Mauri Williamson may have left this earth on Jan. 30, but his impact on Indiana agriculture is still alive and well. The man from Economy created more goodwill for Indiana agriculture while he was here than perhaps any other person in history.
Williamson’s name is synonymous with many of Indiana’s treasured agricultural institutions. Among them are the Purdue Ag Alumni Association, the Purdue Ag Alumni Fish Fry, the Indiana State Fair and Pioneer Village. Through his passion for agriculture, he transcended generations and helped tie together 200 years of Indiana agriculture.
By now you know the details. Williamson, 91, graduated from Purdue University in 1950. He returned to the family farm, and in 1953 accepted a part-time position as executive secretary of the Purdue Ag Alumni Association from Ag Dean Dave Pfendler. He was the executive secretary for 37 years, but he was never part time. He’s considered the father of the Purdue Ag Alumni Fish Fry, which helped transform the alumni association into one of the largest, most loyal organizations of its kind anywhere.
Williamson started Pioneer Village in 1961, putting relics kept at the Purdue Ag Administration Building on display. That was the start of what is today an essential part of the Indiana State Fair.
Williamson and his wife, June, were married for 68 years. His son, David, and his wife, Tammy, farm in Wayne County. Williamson is also survived by his daughter, Marsha, and her husband, Larry Mohr.
Williamson was one of the first people named an Honorary Master Farmer. His son, David, was named a Master Farmer in 2003.
Memories of Mauri
Now, here are a few things you don’t know. These are snapshots of my personal memories of Mauri.
• Watch out for the eagle! One of my best memories of college at Purdue was attending the Purdue Ag Alumni Fish Fry as a student. I attended because I was a candidate for a scholarship. I didn’t win, but I came away shocked and amazed at what I saw. Maybe befuddled is a better word — who was this guy dressed up in overalls and a red bandana, anyway?
People dressed in similar garb were carrying signs, some of which would have made my mom blush back then. And once the program started, there was an "eagle" hovering over the stage. No one wanted to get close to it. OK, it wasn’t a real eagle, and it didn’t poop, but it sure looked real!
I’ve attended many Purdue Ag Alumni Fish Fry events since. The togetherness of so many people cheering for Purdue and celebrating agriculture is contagious.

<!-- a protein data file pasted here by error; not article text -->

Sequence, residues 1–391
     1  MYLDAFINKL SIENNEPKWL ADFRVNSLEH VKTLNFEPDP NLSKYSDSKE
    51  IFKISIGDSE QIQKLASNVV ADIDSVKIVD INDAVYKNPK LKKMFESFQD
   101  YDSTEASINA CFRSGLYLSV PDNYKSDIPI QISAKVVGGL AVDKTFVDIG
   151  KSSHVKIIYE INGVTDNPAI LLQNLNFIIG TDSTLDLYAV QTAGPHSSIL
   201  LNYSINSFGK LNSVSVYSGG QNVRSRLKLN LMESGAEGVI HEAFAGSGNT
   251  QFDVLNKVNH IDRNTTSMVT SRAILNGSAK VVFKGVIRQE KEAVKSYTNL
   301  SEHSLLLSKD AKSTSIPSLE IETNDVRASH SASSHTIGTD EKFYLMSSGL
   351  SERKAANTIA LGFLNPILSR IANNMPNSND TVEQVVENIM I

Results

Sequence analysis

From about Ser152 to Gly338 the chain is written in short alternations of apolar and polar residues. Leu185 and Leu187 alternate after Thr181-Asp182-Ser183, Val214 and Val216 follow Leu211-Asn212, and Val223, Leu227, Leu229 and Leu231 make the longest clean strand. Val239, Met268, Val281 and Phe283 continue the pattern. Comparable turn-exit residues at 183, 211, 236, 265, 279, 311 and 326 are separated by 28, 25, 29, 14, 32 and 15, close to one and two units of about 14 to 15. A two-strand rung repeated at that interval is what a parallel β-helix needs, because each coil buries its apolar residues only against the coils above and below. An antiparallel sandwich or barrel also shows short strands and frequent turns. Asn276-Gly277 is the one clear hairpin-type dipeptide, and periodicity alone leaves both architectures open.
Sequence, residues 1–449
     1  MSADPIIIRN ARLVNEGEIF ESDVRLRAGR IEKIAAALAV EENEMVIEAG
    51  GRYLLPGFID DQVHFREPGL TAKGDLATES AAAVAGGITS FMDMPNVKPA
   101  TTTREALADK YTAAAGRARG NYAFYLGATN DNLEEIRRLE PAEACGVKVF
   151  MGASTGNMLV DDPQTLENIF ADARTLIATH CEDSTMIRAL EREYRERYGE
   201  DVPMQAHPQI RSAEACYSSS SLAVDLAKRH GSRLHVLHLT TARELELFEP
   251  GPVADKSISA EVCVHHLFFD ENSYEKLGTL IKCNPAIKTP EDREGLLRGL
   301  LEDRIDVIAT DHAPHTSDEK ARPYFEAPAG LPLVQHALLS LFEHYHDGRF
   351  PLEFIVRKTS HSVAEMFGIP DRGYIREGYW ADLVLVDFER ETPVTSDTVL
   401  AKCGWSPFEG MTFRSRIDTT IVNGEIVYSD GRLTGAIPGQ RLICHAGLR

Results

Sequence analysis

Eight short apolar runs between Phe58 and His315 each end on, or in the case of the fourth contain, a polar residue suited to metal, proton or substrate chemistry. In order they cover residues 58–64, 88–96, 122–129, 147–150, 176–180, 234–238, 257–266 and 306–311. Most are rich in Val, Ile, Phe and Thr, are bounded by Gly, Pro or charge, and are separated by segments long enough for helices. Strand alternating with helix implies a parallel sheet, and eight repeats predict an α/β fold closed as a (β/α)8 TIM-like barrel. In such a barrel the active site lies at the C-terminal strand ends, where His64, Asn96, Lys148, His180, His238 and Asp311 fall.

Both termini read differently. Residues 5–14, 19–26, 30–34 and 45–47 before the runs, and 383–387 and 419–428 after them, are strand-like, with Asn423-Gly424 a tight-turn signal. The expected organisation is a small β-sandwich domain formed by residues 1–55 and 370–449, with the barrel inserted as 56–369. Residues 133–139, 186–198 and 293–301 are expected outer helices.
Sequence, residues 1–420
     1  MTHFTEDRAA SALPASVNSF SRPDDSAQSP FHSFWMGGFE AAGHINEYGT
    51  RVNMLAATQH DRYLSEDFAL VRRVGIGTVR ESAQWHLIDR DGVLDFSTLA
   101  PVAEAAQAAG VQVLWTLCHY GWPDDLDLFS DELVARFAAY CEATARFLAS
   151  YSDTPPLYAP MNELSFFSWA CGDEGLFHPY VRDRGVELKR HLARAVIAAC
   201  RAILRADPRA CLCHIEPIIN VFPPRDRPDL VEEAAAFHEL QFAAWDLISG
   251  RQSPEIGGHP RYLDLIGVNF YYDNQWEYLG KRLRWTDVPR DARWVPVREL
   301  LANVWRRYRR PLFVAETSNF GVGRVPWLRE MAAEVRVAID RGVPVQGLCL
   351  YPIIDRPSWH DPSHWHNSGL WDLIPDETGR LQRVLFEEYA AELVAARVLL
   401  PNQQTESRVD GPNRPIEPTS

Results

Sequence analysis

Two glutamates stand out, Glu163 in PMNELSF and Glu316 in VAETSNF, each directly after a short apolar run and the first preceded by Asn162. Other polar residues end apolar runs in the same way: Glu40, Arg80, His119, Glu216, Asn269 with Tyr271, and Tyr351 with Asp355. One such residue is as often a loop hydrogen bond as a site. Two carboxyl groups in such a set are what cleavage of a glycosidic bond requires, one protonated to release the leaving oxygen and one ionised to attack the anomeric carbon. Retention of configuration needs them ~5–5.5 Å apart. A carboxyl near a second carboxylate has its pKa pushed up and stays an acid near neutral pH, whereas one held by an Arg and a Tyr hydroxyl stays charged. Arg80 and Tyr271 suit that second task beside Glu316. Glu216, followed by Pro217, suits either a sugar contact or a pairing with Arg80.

• "I’ve seen this guy before." A decade later I attended a Johnson County Extension event. Some 100 people were there, and the speaker was a guy named Mauri Williamson. I recognized him right away. He told funny stories. But what I remember most is how many people he knew by name in the crowd. What I didn’t know at the time was that he knew people by name every night in every corner of Indiana!
• See my tractor! Years later, when his son was up for the Master Farmer award, my colleague Mike Wilson and I visited with Mauri and David at the log cabin Mauri built so he could "retire." Folks, Mauri never retired!
Before we left, he showed off his favorite Farmall tractor. It turns out he had several of those early machines tucked away.
• Can you get us some photos? I answered the phone one day, and it was Mauri, all excited. The crew at Pioneer Village was going to Crawfordsville to pick up rare antique tractors. He felt it was a historic moment, and he wanted me to take pictures.
I arrived 45 minutes late, just as they were pulling out, foiled by modern technology. GPS had taken me 5 miles south of town instead of 5 miles north. I knew what Mauri was thinking: Never trust modern technology alone. They pulled over along the road and I took their picture with all the tractors on trailers.
• Come walk with me! Perhaps my favorite memory of Mauri happened just a few years ago. I was at the fairgrounds before the state fair to check out the new Glass Barn. I wandered over to Pioneer Village, where Mauri and crew were hard at work. He wiped his brow and said, “Let’s walk and talk!” For the next hour he showed me one recovery project after another, from an antique John Deere manure spreader to an old corn binder. He shared stories, and we had a few laughs. For an hour time stood still, and I felt connected to all the farmers who have ever farmed in the Hoosier state!
That was Mauri doing what he did best — not just preserving ag history, but also relishing it, promoting it and connecting it to the future. Long live Mauri’s memory!